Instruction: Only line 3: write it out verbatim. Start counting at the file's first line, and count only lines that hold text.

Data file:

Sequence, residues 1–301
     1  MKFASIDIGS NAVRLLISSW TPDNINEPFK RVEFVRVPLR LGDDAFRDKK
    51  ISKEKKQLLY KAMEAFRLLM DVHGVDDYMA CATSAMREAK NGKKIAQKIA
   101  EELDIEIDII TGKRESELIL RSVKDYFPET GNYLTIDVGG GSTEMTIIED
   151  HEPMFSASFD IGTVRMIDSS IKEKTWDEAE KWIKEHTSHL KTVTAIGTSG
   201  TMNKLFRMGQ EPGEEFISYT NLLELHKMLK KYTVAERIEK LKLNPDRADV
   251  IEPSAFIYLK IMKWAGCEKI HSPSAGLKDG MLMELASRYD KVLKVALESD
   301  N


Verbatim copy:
    51  ISKEKKQLLY KAMEAFRLLM DVHGVDDYMA CATSAMREAK NGKKIAQKIA